“The ‘buy now, die later’ brand of package deal has meant a lost connection between the sale of funerals and the delivery of them, and with it the loss of face-to-face accountability between buyer and seller that used to provide reliable consumer protection. Now the recipient of the services (the bereaved) and the provider of same (the funeral director) are both perilously out of the loop of the original transaction: a deal often brokered years before, between a commissioned salesperson and the now newly deceased. In such an environment there can be little real accountability.”Thomas Lynch

Over at the Oldie magazine agony aunt Mary Kenny is talking about funeral plans: JR from South Wales warns that, even when pre-paid, there can be a hefty bill – “she was appalled by the undertaker’s charges after her husband’s recent death.”

Here at the GFG we were invited a couple of days ago by the Institute and Faculty of Actuaries IFoA) to contribute to a consultation which will “address concerns regarding actuaries’ involvement with pre-paid funeral plan trusts” and “help them develop a mandatory Actuarial Profession Standard leading to members playing a stronger role in “assessing the financial viability of such trusts and in helping trustees and plan providers ensure that they can continue to provide the funerals they are contracted to provide to planholders.”

Down in Bristol, according to the Daily Mail, “Barbara Graham, 72, was left in tears after salesmen from Golden Charter funeral planners asked her if she wanted to pre-plan her own burial. Despite telling them she was currently battling cancer, the firm called back again a few days later to try and sell her the same service. 

We’ve had quite a lot of angry reaction to this, so we asked Golden Charter to respond. This is what they said:

Golden Charter do not cold call. Any agency from whom we receive leads complies fully with all relevant legislation and codes of conduct. Despite what you may have read we did not contact her after being told she had cancer. We did not call her twice in a week. We contacted her on the 20th October. Erroneously we left that lead in the list that could be called, as she informed us that she had arrangements in place. On the 6th November we called her again at which stage she informed us of her health issues. Our representative apologised and removed her from our list.

It seems Mrs Graham took part in a third-party survey and indicated that she was interested in funeral planning. A third-party survey is a survey done by a third party research company sometimes by phone, sometimes online, sometimes on the high  street or in retail shopping centres where people are asked if they are interested in a specific range of products. If they indicate they are, and the person consents to being contacted, then these companies offer those details for a consideration to organisations who sell those services.”

It goes without saying that Golden Charter deplore the Mail’s failure to get in touch and check facts.

What do we think? We think that funeral planning is inherently a vexed business. There are people passionately for and people passionately against.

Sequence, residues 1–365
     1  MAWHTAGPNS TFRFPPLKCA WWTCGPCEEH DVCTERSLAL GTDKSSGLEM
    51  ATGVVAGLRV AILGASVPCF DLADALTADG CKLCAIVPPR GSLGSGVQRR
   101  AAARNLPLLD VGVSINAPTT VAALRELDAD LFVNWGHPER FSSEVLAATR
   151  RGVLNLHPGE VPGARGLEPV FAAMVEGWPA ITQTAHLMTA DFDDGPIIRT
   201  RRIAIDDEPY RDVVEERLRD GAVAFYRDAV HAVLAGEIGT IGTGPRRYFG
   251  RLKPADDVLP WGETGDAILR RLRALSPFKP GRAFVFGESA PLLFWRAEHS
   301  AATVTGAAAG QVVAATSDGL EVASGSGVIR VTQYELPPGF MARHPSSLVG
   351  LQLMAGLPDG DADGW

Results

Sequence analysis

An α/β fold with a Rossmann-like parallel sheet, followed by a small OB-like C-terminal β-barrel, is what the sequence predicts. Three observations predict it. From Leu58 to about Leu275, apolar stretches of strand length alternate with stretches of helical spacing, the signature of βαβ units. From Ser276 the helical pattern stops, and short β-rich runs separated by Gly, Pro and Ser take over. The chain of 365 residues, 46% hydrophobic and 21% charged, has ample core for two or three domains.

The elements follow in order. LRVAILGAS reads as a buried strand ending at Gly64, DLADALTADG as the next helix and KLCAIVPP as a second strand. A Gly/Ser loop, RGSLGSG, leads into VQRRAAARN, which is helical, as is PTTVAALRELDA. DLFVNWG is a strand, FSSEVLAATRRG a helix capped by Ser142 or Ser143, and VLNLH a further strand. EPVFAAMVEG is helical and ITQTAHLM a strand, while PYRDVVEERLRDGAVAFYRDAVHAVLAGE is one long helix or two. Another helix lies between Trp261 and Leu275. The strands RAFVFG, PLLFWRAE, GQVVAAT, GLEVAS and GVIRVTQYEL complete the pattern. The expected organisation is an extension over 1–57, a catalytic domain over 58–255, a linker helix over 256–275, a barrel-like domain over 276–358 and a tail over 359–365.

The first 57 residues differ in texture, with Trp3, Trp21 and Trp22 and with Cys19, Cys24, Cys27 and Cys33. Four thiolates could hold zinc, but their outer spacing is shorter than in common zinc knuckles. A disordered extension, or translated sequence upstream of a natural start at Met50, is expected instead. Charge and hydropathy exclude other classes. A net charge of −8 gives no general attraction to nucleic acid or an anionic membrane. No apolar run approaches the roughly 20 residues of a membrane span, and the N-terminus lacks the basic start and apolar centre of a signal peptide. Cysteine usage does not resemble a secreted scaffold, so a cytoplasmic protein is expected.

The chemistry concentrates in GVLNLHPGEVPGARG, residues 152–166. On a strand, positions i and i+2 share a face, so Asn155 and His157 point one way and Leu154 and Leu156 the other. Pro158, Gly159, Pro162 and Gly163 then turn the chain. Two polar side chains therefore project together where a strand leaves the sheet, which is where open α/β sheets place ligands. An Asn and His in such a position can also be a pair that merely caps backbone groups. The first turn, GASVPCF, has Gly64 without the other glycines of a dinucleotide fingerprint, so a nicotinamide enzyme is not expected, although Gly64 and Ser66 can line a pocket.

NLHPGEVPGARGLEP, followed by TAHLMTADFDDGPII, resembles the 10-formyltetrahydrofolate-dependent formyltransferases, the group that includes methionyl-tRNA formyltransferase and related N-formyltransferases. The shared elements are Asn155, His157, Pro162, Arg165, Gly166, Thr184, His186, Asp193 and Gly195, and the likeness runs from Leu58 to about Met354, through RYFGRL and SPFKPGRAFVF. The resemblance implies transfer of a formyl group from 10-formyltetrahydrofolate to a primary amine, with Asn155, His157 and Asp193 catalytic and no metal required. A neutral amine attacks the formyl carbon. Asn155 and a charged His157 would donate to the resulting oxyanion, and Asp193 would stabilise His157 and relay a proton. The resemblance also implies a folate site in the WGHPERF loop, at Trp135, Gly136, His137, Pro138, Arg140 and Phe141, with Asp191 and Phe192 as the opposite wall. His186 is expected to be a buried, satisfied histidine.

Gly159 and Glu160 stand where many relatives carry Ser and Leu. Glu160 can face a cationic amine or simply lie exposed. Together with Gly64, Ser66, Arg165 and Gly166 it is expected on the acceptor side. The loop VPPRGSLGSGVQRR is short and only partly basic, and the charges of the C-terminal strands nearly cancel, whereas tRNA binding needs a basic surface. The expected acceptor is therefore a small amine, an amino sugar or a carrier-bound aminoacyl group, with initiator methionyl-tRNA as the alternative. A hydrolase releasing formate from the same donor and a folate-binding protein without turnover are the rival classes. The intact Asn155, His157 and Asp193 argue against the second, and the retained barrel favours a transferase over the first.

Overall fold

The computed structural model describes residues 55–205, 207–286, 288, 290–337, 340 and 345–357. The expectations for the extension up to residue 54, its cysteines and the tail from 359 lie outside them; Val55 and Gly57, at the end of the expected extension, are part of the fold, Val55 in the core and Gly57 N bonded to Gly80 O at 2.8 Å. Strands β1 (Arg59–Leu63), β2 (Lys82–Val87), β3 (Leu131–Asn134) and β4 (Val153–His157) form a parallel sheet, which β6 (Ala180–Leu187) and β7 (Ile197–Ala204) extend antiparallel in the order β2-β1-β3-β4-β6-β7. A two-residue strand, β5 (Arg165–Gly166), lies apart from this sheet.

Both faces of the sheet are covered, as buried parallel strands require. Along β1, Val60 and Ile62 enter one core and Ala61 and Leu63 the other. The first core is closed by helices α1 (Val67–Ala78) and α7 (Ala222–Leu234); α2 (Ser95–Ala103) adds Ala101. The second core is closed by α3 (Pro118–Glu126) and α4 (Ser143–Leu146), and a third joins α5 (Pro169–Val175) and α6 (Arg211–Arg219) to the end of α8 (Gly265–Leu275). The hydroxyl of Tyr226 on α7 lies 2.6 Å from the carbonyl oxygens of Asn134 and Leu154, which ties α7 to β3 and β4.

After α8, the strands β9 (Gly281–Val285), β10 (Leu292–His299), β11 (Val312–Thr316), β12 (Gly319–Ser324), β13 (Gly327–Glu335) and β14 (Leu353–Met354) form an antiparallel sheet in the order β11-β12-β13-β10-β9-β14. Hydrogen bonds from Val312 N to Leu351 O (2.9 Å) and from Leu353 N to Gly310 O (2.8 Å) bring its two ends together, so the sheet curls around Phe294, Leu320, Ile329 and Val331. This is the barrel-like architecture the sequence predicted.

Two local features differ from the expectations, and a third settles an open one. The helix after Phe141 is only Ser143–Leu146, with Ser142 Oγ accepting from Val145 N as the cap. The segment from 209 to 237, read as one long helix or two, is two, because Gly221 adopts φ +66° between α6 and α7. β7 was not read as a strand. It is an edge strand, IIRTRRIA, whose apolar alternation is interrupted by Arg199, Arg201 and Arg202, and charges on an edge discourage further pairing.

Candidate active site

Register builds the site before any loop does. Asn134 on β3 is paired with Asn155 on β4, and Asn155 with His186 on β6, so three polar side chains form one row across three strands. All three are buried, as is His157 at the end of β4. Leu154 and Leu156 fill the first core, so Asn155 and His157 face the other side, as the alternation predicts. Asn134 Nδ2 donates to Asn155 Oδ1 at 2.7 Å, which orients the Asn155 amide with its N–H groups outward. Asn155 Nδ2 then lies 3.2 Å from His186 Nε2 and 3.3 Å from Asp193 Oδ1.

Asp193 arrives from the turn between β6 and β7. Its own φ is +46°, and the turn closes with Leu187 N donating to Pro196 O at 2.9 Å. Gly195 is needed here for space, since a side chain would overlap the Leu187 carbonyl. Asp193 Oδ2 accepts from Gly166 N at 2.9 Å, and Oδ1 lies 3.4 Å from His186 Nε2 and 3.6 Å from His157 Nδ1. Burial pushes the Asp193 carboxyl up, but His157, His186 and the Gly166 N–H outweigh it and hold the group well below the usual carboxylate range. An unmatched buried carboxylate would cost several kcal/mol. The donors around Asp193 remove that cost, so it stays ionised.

Over in the US, Thomas Lynch is passionately against:

“The aggressive pre-selling of funeral wares is a late-twentieth-century invention, driven entirely by vendor interests and the cash hunger of consolidators”

Boomers “love these things. Planned parenthood, prenuptials, prearranged funerals – always this hopeful notion that we might pre-feel the feelings … the sense that these unpredictable existential events might be turned into manageable retail experiences.”

’You don’t want to be a burden to your children, do you?’ Why shouldn’t I be a burden to my children? My children have been a burden to me. Lovely burdens, every one of them … And they will be paying for [my funeral] emotionally, financially, actually. Since they have to live with the decisions, why shouldn’t they make them? … If the burden of my death, borne honourably, makes them feel as capable as bearing the sweet burden of their births has made me feel, I can do them the favour of leaving well enough alone.”

“The pie of funeral expenses and revenues, formerly distributed among providers of goods and services, rarely provided more than single digit profits. Now the slices were many more and accordingly narrower – a commission for the contract seller, a piece for the referral and finder’s fees, something for the marketing and management of the pre-need account and, of course, a profit for the financier … These transactional expenses, which paid for neither mortuary services or merchandise, came out before the funeral director and the clergy, the florist and newspapers, the soloist and cemetery, stood in line for theirs. It was money spent on the shuffling of paper.”

“The junk-mailed, telemarketed, bargain-in-the-briefcase brand of pre-sold funeral service that has turned every sadness into a sales-op and every funeral into a retail event has not been good for the funeral, the funeral consumer or the funeral director. Nor has it been good for their [professional] associations.

“… there ought to be no profit in in pre-need transactions … the buyer, not the seller, should initiate the transaction.”

Finally, Lynch quotes Howard C Raether: “If funeral directors insist on soliciting preneed funerals, they are in fact prearranging the funeral of their profession.”

Do feel free to sound off. Passionately.